The Good Law Project, a non-profit organisation that sought to obstruct laws allowing pharmacists to issue alternative medications when faced with severe shortages, conceded defeat after its final request for a judicial review was refused on Friday May 10.
It had come to the Court of Appeal in an attempt to overturn the High Court’s March 15 decision that there were insufficient grounds to bring a judicial review against the Department of Health and Social Care over the Serious Shortage Protocols.
While it is expected that SSPs will be tightly controlled and issued only in exceptional circumstances, they have been the source of some controversy, including a March 19 debate in the House of Commons in which shadow health secretary Jonathan Ashworth described them as an “extraordinary power grab”.
Making its appeal, the Good Law Project argued that SSPs had significant patient safety implications, principally because a pharmacist is not a “qualified person” to make decisions regarding the care of a patient.
Referring to the current system whereby pharmacists must refer back to the prescriber when unable to dispense what is on a prescription, the organisation’s skeleton argument said there is “no need to fix that which is not broken”.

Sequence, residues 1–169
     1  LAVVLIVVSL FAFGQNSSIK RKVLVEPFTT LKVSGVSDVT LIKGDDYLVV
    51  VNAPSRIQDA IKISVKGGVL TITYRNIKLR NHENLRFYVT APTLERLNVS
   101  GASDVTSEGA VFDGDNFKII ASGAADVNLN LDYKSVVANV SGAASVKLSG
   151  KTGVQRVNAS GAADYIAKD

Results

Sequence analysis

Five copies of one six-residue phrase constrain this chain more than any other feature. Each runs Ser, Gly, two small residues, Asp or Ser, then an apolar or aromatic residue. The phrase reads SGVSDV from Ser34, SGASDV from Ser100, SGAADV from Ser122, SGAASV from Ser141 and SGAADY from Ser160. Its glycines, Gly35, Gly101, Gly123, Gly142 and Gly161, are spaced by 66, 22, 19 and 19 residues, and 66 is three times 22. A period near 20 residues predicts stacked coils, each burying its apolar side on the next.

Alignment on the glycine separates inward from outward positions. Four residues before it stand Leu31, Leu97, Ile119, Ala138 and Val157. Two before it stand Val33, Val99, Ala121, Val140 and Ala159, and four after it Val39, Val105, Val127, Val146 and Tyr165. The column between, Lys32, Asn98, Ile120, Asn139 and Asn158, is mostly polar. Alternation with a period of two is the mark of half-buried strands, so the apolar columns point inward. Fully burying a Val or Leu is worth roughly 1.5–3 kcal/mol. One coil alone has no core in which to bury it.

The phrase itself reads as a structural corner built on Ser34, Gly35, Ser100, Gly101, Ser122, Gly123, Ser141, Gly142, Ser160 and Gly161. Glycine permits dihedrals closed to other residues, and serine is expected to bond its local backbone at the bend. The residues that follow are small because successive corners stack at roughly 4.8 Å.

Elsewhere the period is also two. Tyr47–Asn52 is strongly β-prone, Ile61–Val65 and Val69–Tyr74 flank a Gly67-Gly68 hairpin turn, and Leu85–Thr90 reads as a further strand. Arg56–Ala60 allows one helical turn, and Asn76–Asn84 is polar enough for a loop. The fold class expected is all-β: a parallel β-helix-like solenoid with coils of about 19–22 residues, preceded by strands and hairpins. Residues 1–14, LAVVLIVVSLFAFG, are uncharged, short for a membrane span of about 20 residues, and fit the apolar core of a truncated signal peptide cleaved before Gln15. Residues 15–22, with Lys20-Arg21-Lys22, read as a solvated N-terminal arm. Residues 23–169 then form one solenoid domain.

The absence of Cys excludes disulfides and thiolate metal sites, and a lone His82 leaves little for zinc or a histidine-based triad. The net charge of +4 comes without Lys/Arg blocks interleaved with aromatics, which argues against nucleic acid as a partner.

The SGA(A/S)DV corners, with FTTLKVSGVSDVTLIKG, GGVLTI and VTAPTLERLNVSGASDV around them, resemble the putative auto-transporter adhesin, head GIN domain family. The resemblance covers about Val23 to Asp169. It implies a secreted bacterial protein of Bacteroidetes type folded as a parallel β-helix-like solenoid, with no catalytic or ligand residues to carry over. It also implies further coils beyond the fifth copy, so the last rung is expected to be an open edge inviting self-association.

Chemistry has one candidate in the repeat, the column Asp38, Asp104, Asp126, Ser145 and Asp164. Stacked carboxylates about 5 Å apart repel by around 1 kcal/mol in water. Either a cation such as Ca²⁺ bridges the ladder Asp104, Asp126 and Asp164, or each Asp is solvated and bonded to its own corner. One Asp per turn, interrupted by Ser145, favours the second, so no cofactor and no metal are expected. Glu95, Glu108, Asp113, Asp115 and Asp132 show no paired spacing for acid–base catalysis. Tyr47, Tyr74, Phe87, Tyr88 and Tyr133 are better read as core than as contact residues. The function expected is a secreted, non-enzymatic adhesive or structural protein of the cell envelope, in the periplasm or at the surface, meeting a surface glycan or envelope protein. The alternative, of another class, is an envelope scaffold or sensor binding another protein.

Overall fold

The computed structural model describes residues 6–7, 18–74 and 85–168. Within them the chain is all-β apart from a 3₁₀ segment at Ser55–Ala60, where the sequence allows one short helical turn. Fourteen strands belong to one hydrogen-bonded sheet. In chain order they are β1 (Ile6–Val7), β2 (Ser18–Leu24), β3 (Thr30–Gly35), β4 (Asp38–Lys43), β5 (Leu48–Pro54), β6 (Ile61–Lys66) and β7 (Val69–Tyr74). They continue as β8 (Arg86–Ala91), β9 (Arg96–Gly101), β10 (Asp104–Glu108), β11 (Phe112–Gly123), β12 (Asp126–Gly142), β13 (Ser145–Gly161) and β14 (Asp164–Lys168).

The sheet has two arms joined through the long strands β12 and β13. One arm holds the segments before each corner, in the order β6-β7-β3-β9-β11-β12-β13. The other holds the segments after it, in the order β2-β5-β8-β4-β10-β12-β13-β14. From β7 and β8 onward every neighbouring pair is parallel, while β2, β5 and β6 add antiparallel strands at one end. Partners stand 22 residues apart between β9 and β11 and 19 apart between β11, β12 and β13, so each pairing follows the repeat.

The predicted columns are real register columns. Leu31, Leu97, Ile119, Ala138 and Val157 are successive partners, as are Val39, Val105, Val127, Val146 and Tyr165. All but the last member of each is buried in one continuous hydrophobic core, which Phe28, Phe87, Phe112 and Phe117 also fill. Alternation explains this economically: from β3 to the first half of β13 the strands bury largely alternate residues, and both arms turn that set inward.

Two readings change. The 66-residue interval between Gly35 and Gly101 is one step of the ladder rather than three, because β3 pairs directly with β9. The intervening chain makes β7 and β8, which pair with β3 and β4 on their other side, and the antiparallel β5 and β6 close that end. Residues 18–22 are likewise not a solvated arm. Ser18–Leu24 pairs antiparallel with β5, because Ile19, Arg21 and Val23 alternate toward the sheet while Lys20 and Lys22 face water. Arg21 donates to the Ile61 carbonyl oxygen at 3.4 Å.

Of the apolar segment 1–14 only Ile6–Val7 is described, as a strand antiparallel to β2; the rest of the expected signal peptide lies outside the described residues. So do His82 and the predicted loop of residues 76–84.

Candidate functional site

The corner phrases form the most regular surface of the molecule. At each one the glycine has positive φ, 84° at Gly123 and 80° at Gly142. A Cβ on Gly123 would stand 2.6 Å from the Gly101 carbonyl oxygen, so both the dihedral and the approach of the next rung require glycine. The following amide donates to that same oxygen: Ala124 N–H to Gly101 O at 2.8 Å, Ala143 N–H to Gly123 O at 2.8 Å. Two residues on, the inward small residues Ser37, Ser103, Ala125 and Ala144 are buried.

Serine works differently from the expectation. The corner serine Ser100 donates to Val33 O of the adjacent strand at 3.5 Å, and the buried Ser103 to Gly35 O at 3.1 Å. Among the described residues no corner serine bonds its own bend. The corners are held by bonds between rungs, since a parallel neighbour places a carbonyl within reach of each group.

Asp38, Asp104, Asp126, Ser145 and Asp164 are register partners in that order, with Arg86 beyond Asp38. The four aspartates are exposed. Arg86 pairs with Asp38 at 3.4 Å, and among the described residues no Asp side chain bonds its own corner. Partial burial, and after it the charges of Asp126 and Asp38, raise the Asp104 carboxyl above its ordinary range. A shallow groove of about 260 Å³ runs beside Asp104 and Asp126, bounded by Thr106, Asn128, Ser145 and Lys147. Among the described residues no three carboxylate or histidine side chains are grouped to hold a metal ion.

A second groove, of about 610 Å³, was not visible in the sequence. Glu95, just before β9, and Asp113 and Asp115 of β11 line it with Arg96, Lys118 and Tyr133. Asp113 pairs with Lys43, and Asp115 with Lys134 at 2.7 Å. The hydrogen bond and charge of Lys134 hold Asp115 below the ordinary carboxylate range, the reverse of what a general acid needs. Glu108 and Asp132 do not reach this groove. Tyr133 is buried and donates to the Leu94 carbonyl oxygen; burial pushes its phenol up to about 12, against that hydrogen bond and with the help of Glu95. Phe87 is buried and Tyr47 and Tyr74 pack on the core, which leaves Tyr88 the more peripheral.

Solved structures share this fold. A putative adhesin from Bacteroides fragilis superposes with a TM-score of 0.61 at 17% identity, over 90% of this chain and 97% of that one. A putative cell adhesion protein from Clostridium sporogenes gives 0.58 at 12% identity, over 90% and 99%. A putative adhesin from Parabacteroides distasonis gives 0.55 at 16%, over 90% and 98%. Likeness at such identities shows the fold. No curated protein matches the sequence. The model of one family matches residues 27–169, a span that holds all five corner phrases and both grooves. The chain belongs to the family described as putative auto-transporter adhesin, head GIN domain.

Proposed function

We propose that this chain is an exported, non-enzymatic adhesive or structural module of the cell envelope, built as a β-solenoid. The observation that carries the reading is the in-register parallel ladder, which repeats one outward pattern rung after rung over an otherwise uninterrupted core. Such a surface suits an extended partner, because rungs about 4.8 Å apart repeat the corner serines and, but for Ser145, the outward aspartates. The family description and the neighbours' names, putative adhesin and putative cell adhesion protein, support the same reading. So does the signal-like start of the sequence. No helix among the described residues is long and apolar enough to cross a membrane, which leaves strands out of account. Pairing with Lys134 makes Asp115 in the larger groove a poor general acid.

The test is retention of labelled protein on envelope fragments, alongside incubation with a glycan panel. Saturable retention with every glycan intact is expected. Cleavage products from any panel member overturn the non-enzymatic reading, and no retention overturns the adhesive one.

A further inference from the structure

In the May 10 hearing, the Good Law Project’s barrister said that SSPs do not override the POM status conferred on a drug by the MHRA, and therefore do not confer prescribing powers to people who are not “appropriately qualified medical professionals”.
Hearing the appeal, Justice Gary Hickinbottom asked whether current measures are sufficient in the case of a pandemic, and whether it is not “onerous” to demand that they be adhered to in such exceptional circumstances
Ultimately, both judges hearing the case agreed that the Good Law Project “would have no real chance” of success in a judicial review and rejected the appeal.
“This litigation is now at an end,” the Good Law Project confirmed in a statement issued shortly after the appeal was refused.
The organisation said that it had “made the decision to bring this case having had the benefit of advice from the leading practitioners in the field,” and that the Court of Appeal “agreed that it raised important public interest issues”.